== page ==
Perspectives on final RIKEN report on STAP cell scandal & what comes next

STAP cells Figure, RIKEN report.
STAP cells Figure, RIKEN report.

The Japanese research institute RIKEN has come full circle in a way on the STAP cell scandal. Note that the STAP papers included not only authors from RIKEN, but also from Brigham and Women’s Hospital/Harvard Medical School.

With its final report released today (also a powerpoint of images were released including the one showing a figure posted here of reportedly made up data published in a STAP paper), RIKEN seems to now have handled this complicated mess in a relatively rigorous, scientific manner that paves the way for moving on from it.

What would you have done in RIKEN’s shoes? It’s not a pleasant thing to contemplate.

As a research institution, what do you do if a potential major scientific scandal is cropping up under your roof? It’s unpredictable and dangerous and couldn’t have come at a worse time for RIKEN. So how do you handle it? What would you have done?

RIKEN was faced with this kind of unpleasant reality early this year. A very high moment for RIKEN with the publication of two seemingly groundbreaking Nature papers including numerous RIKEN authors quickly headed the other direction and began unraveling.

By February, only weeks after the STAP cell papers were published supposedly reporting the creation of power stem cells called “STAP cells”, there were signs that the research was plagued with profound problems including signs of potential misconduct.

At that point in February and March, what should the leaders at RIKEN do/have done? I’m sure they were asking themselves this tough question.

There have been ups and downs as to how RIKEN has handled STAP, but in the new report there are indications of a sober, objective and more thorough approach to STAP. I think this is a positive, constructive step even if the conclusions are negative and sad.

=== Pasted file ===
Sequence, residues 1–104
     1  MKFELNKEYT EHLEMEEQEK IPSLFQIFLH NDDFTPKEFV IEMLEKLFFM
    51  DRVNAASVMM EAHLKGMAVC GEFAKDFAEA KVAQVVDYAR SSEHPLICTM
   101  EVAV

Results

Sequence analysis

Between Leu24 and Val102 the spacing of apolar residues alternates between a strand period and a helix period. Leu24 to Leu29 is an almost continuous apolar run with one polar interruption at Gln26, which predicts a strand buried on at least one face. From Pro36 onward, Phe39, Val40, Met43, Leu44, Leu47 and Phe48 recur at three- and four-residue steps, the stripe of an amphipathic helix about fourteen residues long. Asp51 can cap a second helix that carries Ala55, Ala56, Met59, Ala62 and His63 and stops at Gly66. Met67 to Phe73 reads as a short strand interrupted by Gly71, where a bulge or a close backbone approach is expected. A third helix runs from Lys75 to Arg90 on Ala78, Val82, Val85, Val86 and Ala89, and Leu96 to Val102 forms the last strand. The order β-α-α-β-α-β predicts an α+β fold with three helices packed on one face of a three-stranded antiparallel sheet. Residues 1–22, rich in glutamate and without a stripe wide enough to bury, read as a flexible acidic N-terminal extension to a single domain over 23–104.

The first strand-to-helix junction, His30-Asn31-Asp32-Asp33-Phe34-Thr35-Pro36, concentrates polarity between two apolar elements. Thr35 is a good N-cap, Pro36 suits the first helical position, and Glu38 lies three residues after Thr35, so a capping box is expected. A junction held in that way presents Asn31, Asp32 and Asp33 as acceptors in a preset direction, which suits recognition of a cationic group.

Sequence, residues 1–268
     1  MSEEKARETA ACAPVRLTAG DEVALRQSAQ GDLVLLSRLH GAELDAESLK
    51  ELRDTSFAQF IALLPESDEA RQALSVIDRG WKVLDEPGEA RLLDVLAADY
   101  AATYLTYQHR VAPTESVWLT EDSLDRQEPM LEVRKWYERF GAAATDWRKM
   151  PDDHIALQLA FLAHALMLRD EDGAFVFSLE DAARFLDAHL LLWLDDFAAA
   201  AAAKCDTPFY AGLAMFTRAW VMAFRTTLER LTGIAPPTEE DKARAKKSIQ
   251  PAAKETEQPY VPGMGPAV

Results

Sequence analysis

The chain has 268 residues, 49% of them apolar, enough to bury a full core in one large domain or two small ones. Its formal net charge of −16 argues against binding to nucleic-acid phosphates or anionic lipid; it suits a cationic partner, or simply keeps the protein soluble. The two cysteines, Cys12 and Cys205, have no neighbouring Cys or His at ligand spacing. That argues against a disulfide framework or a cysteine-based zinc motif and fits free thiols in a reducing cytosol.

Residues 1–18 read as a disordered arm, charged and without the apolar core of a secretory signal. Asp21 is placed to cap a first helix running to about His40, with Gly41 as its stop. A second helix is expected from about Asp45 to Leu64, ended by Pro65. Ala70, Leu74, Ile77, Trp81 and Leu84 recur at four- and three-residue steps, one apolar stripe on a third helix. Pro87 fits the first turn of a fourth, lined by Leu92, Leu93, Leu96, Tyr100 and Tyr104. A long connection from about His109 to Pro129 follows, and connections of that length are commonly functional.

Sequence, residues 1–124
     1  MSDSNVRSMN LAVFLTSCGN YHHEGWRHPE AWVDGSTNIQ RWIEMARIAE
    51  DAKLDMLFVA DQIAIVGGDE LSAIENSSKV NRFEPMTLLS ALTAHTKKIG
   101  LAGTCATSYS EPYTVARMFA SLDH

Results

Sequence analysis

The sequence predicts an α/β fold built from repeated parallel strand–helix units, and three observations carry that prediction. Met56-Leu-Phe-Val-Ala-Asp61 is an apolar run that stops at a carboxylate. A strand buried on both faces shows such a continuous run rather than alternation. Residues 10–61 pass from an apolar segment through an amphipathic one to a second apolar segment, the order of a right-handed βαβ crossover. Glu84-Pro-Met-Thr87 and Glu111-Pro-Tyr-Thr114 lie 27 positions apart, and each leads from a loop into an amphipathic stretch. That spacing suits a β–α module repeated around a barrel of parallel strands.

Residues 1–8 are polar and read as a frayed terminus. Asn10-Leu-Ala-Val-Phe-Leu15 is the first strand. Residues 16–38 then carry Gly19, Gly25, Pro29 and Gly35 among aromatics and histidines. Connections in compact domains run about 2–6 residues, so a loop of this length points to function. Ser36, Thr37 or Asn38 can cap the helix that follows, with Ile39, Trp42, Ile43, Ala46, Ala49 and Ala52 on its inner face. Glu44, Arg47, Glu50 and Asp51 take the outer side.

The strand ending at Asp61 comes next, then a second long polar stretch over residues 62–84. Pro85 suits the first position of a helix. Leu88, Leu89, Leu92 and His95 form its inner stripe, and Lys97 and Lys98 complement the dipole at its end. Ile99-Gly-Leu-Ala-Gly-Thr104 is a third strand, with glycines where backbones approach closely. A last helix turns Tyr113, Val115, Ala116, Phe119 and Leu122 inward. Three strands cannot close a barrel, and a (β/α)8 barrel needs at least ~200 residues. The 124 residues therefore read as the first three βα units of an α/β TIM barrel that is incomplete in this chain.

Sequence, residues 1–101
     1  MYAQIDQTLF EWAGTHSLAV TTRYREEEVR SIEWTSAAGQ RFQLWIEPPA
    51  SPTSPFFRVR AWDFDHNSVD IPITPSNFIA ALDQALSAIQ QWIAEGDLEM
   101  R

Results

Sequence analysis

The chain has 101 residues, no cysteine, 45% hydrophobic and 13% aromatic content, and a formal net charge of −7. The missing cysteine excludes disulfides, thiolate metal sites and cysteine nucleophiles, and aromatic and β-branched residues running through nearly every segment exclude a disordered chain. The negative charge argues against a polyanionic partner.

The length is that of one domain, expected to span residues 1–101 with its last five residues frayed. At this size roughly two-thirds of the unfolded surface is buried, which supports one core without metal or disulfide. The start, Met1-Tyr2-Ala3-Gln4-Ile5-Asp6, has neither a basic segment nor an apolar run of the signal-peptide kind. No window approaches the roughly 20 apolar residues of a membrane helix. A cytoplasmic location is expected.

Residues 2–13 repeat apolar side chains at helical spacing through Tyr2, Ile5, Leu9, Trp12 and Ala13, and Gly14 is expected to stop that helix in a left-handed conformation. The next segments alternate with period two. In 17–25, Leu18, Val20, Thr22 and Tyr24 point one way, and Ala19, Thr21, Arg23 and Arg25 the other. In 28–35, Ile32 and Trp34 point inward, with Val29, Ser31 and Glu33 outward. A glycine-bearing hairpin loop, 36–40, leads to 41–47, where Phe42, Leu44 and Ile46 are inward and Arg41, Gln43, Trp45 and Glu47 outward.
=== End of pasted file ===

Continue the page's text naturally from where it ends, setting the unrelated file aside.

Dennis Normile has a nice summary over at Science News of the RIKEN report:

“The committee determined that 3 supposed STAP stem cell lines were actually likely to be 3 previously existing embryonic stem (ES) cell lines. “It is unlikely that there was accidental contamination by three different ES cells, and it is suspected that the contamination may have occurred artificially…”

This new RIKEN report on STAP has concluded that what were claimed to be STAP cells were almost certainly embryonic stem cells (ESCs) instead. It cannot be sure if the ESCs were intentionally and fraudulently used, but it says that is probable. If it was done on purpose RIKEN also cannot be sure who did it.

The report concludes that STAP first author Haruko Obokata, who RIKEN earlier had determined committed certain STAP-related misconduct, committed additional misconduct over certain data, but the report also lays some of the blame for STAP to lack of proper supervision by senior STAP authors Yoshiki Sasai, Teruhiko Wakayama, and Hitoshi Niwa. One remaining thing we do not know is what this report means for Wakayama or Niwa, the latter still being at RIKEN.

So what does all of this mean and where do things go from here?

While there is still some more to resolve on the Japan side of STAP, my impression is that this report along with Obokata’s resignation allows for RIKEN to really begin to move on from STAP.